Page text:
Safe to keep empty jars hot in the oven before filling?

valereee(6a SW Ohio)August 30, 2008

I searched on this and found a couple of threads that touched on it, but it seemed as if there was varying advice. I want to PC ~20 pints of spaghetti sauce. In order to do this, I need to do two layers (I have a second rack to place atop the first layer), which means I can't keep the empties in the hot water inside the canner and replace them with full jars as I go. My stove doesn't have enough room for another large pot of hot water. I've read that some folks put their jars into a hot oven (some say they put just the jars into the hot oven, some put them into a pan of hot water in the oven), but I've seen others say that's not recommended.

What's the current advice?

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mom2wildboys(RI zone6)

I think keeping them hot in the oven is fine but using the oven to "sterilize" them is not. Here's a thread about ways people keep their jars warm.

Here is a link that might be useful: Keeping jars hot

    Bookmark   August 30, 2008 at 7:19AM
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valereee(6a SW Ohio)

mom2, yeah, I read that thread. There doesn't seem to be any consensus, and on another thread someone said keeping jars in the oven wasn't recommended, although possibly what they meant was that it wasn't recommended to use the oven to =sterilize= the jars. I wasn't sure.

    Bookmark   August 30, 2008 at 7:54AM
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Hi Val,

The jars do not have to be super hot - I simply fill mine with hot tap water just before filling and line them up on the kitchen counter. To fill, I pour out the water into the sink, give the jar a couple of shakes, and fill immediately with the hot food. Never had a jar crack in over 30 years.

I'm sure an oven would be equally good, just don't make them too hot to handle.


    Bookmark   August 30, 2008 at 9:37AM
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zabby17(z5/6 Ontario)

valeree, I use my oven to keep jars hot. I'm a pretty slow worker and even for a single batch (a dozen 8-oz jars, say), the last ones could be quite cold by the time I was ready for them otherwise. (For small jars I use the toaster oven.)

If I am doing just a few and the last ones seem to be cooling a bit too much, I sometimes do like Tom and re-warm them with very hot tap water.

I admit I haven't seen any official recommendation on this, but the sources all seem to say the jars should stay "hot," and it seems to me if it were important they be boiling-level hot right up till the moment they were filled it would say so!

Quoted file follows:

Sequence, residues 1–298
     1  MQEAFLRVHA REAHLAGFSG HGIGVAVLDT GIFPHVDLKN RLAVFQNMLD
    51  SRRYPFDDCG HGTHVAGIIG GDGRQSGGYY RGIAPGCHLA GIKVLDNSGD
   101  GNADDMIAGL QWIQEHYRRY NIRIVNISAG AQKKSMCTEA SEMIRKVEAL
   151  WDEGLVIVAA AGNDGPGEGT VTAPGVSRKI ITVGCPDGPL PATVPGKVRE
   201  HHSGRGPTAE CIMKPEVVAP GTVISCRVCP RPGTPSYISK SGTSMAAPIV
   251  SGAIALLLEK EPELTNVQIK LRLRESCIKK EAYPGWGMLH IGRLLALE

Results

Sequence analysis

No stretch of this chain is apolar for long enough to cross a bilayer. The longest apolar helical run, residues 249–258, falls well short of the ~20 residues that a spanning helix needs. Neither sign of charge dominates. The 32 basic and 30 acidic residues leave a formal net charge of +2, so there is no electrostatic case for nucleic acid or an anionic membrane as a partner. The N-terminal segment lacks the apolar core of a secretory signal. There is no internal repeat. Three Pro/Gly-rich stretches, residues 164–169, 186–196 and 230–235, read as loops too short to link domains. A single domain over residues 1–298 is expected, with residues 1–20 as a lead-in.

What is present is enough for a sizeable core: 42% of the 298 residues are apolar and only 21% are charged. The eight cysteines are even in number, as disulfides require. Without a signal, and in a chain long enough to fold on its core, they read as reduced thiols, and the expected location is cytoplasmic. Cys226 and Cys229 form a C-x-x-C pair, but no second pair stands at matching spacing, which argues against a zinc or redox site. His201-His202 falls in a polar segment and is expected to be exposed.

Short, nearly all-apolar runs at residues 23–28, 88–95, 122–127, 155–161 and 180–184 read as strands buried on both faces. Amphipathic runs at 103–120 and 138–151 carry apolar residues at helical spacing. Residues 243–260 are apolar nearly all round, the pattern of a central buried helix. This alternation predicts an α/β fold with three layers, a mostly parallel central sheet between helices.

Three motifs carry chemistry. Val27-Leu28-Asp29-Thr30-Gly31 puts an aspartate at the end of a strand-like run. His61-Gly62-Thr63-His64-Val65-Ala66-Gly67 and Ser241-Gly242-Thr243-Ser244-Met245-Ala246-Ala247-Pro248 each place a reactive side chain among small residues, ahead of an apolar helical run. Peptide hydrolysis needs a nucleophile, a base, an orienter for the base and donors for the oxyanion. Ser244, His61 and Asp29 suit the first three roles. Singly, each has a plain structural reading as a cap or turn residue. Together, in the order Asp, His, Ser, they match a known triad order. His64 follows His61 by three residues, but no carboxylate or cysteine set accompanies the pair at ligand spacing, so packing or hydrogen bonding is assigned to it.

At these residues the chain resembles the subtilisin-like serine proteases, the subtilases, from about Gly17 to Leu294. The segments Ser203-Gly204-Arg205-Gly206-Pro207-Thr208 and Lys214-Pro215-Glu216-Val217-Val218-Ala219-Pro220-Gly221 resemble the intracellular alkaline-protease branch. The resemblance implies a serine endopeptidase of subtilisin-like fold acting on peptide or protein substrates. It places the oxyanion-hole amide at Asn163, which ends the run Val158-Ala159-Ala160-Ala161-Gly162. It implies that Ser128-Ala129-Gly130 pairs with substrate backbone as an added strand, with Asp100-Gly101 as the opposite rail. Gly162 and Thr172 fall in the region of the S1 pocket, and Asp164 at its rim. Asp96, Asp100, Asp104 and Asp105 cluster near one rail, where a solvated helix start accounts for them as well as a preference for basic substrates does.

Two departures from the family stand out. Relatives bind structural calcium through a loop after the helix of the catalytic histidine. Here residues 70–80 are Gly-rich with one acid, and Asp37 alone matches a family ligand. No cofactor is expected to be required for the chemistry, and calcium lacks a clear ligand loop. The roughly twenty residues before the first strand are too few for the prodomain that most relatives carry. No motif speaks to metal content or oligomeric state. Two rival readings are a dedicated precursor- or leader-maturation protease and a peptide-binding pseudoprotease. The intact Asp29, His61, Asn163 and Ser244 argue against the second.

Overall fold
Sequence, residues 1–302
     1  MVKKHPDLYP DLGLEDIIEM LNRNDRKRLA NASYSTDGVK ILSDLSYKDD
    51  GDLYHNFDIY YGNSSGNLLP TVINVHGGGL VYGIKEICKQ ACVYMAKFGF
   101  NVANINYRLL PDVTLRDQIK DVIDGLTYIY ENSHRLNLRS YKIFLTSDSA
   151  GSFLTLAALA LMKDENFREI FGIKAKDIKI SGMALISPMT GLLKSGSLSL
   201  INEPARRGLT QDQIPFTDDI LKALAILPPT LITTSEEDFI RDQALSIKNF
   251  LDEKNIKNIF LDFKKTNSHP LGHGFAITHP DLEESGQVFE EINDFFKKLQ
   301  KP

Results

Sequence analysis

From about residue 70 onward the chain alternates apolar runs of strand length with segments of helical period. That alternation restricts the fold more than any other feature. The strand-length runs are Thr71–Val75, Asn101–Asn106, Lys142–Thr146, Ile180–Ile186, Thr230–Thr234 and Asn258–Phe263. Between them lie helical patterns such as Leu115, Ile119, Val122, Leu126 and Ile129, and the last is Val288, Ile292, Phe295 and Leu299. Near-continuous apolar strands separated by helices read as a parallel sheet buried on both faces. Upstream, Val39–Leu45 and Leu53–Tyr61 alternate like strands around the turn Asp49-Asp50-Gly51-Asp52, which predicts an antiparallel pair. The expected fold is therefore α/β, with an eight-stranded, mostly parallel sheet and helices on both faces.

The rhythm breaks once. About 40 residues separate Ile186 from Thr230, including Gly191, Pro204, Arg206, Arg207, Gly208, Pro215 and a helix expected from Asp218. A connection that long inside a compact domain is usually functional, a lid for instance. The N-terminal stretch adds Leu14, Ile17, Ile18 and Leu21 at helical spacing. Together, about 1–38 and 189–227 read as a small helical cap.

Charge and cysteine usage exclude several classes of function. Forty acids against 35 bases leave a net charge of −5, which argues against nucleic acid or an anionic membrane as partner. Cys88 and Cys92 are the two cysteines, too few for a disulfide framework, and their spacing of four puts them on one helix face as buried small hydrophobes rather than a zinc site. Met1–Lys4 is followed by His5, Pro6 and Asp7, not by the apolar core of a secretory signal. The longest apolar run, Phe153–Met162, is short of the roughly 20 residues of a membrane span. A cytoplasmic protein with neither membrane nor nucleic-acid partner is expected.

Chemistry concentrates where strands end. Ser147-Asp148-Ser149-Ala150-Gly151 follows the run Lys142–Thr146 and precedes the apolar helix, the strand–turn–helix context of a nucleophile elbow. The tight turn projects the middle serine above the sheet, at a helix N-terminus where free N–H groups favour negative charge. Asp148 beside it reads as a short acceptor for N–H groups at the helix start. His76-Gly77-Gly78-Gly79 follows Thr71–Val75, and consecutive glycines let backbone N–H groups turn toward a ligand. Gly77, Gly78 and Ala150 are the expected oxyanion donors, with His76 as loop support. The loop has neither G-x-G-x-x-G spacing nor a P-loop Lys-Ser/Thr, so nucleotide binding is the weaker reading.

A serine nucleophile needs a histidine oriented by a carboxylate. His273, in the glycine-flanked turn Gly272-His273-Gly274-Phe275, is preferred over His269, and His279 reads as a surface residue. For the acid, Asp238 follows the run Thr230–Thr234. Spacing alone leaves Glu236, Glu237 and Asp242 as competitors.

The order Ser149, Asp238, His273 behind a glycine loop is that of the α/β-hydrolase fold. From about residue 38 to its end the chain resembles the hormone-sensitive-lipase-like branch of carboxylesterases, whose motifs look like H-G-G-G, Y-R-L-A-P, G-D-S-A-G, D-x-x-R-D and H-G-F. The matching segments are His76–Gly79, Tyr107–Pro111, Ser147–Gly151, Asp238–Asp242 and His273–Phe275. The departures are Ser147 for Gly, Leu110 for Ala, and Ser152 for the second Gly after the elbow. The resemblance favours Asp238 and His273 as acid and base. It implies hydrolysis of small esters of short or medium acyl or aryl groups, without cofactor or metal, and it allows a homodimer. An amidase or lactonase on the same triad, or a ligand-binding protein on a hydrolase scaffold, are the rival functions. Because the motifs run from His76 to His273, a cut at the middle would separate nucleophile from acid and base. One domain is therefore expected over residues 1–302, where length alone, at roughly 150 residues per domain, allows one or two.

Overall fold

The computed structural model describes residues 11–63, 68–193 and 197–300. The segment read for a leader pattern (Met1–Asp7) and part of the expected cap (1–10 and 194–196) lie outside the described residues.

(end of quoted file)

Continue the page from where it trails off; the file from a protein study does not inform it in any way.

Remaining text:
Bookmark   August 30, 2008 at 10:15AM
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zeuspaul(9b SoCal)

If you are concerned about breakage I wouldn't worry too much. I always pour my boiling hot tomato sauce into room temperature canning jars. I have never had a jar crack.


    Bookmark   August 30, 2008 at 11:04AM
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I do as Zeuspaul does, except for jams and jellies. I keep those jars in boiling water until ready to fill. I store my ready to use jars in my dishwasher.

    Bookmark   August 31, 2008 at 5:59AM
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I don't heat my jars. After they have been sterilized I just put them on the counter lined up to be filled. If you touch a jar after you have filled it up with boiling hot veggies or jelly or whatever, you realize it immediately becomes very hot from what you put into it. IMO I think it is a waste of time and energy to heat them up and keep them warm.

I think this notion came about when people were canning in cold houses and kitchens way back when. There the difference between ambient air temperature making the jars cold and filling with hot product might make them shatter. I know that the modern canning jars are made to allow both heating and freezing, thus are tempered glass, to resist shattering. I've never had a jar break while filling it. Even when cold packing, I see even less a reason to heat the jar as long as it has been sterilized.


    Bookmark   September 1, 2008 at 6:34AM
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